(Reuters) — First they removed the baby seat to make room in the car, and then three Israelis searched for an Arab to kidnap and kill to avenge the deaths of three Jewish teenagers, according to a murder indictment released on Thursday.
Mohammed Abu Khudair’s death stoked Palestinian street protests in Jerusalem and in Israeli Arab villages, and served as a trigger for warfare between Israel and rocket-firing militants in the Gaza Strip now in its 10th day.
Two weeks after Mohammed, 16, was dragged screaming into a Honda vehicle outside his East Jerusalem home, his final minutes were described in graphic detail in a 10-page charge sheet issued by Israel’s Justice Ministry.
The slightly built high school student fought his abductors in the back seat of the car until one pressed his elbow against the youth’s throat. A second assailant helped push the arm deeper, choking Mohammed into silence.
“Finish him off,” the car’s driver urged the two, according to the indictment.
The teen was still alive, but unconscious, it said, when he was doused with fuel in a Jerusalem forest and set alight. His charred body was found hours later, the victim of what the charge sheet termed “an act of vengeance”.
Before striking the match, the driver - the owner of an eyeglass store in Jerusalem who prosecutors said has a history of psychiatric problems - kicked Mohammed three times, according to the indictment.
“This is for Eyal, this is for Gilad, this is for Naftali,” it quoted him as saying as his foot struck, using the first names of the three Jewish seminary students whose bodies were found in the Israeli-occupied West Bank two days earlier.
Israel says Eyal Yifrach, 19, and Gilad Shaer and Naftali Fraenkel, both 16, were abducted and killed by Islamist Hamas militants while hitchhiking in the territory. The Islamist group has neither confirmed or denied involvement.
The defendants in Mohammed’s killing - an adult and two minors - were not named publicly in the charge sheet, which said a court order against their identification was in effect. If convicted on murder and kidnapping charges, the adult could face life imprisonment and the minors a shorter sentence.
They appeared in a Jerusalem court to hear the indictment read but a spokesman for a legal aid society representing them said pleas would be entered only at a later stage. Police, who used security camera footage to trace the car, said the three had confessed and re-enacted the killing for investigators.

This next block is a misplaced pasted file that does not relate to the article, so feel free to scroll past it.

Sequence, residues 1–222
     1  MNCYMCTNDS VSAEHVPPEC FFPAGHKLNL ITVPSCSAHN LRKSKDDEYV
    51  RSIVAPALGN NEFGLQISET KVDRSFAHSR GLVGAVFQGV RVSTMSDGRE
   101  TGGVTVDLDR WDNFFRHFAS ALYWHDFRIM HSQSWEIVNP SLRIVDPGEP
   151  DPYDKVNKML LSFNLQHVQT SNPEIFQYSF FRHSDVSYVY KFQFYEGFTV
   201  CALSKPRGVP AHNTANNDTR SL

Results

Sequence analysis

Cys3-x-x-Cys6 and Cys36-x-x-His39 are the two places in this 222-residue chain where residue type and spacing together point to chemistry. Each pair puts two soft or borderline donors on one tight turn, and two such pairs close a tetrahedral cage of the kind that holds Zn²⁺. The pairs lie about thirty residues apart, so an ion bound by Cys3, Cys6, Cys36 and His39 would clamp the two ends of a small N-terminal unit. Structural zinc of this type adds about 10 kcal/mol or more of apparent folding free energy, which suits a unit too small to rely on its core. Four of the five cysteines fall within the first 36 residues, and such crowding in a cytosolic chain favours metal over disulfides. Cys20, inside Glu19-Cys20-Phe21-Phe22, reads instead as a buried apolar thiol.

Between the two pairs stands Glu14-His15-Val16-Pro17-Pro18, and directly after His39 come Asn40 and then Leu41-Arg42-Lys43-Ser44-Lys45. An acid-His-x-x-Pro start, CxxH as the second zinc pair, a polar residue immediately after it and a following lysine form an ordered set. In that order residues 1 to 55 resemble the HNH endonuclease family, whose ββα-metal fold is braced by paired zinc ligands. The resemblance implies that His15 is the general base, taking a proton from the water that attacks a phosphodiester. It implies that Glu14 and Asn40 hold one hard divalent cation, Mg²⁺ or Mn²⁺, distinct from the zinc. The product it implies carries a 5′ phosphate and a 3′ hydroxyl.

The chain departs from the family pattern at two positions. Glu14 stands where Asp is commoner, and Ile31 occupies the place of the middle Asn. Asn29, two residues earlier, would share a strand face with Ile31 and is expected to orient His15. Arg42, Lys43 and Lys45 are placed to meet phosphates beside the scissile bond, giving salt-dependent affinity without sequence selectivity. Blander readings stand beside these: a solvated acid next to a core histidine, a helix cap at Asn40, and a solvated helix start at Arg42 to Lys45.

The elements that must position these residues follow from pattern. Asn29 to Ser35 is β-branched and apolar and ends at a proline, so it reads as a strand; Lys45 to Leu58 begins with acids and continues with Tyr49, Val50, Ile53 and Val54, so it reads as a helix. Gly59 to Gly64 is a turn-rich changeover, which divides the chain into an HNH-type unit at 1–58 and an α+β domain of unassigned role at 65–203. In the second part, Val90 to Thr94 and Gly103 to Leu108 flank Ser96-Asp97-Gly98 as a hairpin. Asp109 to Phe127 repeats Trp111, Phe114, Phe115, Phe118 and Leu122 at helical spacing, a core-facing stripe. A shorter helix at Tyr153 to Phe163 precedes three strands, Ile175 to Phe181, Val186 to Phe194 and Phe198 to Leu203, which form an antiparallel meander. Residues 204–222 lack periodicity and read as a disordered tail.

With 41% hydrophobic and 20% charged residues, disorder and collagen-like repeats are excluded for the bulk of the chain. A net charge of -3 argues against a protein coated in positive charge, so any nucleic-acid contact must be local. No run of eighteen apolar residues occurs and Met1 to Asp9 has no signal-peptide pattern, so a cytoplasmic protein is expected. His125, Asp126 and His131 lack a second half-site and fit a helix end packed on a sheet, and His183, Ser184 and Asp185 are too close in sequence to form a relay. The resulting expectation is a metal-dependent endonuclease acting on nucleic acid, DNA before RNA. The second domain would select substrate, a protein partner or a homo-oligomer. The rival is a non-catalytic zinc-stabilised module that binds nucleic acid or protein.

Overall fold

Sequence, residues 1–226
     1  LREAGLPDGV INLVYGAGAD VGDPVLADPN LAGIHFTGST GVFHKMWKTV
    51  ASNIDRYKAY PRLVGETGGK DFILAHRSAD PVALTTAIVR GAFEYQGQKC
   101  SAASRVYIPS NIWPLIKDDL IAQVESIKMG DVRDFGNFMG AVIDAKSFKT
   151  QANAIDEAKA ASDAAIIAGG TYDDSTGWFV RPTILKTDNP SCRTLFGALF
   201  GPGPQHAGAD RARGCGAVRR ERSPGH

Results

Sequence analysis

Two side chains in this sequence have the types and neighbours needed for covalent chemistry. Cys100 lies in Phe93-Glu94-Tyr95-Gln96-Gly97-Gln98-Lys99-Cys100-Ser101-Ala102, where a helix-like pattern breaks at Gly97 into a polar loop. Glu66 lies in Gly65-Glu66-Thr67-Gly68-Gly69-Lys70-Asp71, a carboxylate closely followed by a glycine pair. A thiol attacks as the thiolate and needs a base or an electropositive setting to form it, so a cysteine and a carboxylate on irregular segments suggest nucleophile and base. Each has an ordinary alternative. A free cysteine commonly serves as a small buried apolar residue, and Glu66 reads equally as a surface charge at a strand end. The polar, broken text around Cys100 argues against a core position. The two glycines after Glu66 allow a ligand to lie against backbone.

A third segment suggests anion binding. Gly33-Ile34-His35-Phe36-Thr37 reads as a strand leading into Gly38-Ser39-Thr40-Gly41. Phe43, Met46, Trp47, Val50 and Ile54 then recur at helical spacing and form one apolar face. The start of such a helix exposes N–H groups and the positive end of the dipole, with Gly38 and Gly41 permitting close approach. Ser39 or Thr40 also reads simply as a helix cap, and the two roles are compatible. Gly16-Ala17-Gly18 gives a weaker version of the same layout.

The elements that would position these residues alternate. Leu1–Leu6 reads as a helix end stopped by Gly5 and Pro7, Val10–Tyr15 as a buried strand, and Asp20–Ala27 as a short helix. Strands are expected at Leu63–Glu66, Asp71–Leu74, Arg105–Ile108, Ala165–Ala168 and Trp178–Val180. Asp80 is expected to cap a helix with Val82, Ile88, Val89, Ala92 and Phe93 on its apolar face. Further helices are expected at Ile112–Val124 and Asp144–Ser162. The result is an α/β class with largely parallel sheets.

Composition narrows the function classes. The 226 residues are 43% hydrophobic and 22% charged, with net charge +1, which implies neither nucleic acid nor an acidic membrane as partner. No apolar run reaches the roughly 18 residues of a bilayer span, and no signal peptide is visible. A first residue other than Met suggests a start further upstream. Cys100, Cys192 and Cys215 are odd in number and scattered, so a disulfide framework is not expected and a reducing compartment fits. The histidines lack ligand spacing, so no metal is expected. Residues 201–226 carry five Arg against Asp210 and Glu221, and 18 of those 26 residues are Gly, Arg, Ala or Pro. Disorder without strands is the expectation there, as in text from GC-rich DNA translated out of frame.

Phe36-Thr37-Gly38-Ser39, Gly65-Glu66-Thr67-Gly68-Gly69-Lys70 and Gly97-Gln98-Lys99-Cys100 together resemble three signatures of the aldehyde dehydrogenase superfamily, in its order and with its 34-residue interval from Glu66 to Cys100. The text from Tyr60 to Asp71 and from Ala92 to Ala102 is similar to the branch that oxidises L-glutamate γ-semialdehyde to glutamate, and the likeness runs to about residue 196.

“Defendant number 1”, the store owner, has been taking medication for mental illness for years and suffers from Obsessive-Compulsive Disorder, the charge sheet said. The website of the U.S. National Institutes of Health, says OCD symptoms include an inability to control unwanted thoughts and behavior.
“Defendant 2” is described as a Jewish seminary student. The third accused had pursued religious studies but later worked in a toy shop. He, too, the charge sheet said, takes psychiatric drugs and has OCD.
It was the shop-owner who suggested to one of the accused minors, on the day after the Israeli youths were found dead, that they take revenge on an Arab, the prosecution said.
Then the pair hit the road in the middle of the night, some 24 hours before they grabbed Mohammed, and searched for a victim in Arab neighborhoods of Jerusalem.
Near a mosque, they spotted a Palestinian mother pushing a baby stroller as two of her small sons walked behind. Jumping out of the car, “Defendant number 2” tried to pull one of the children in, according to the indictment.
The mother cried out and threw herself at the Israeli who, the indictment said, had changed from traditional Orthodox garb to clothes he hoped would disguise his Jewish identity. He punched the woman in the face and she fell to the ground.
But one of her sons had run off and alerted passersby, who drew nearer. The assailants fled.
They set off again the next night, this time with “Defendant number 3” in the Honda, according to the indictment.
After stopping around 2 a.m. for energy drinks, it said, the three spotted Mohammed, but initially passed him by, deciding that a nearby Arab hitchhiker would be easier prey. By the time they circled around, both were gone.
At 3:45 a.m., they again came upon Mohammed, who his family said was waiting to go to morning prayers with friends. Thirty minutes later, he was dead, struck twice in the head with a metal bar and then burned.
After the indictment was read in Jerusalem District Court, Israel announced it was assigning a special status to the slain teenager enabling his family to receive government benefits.
It designated the Palestinian youth a “victim of terrorism”.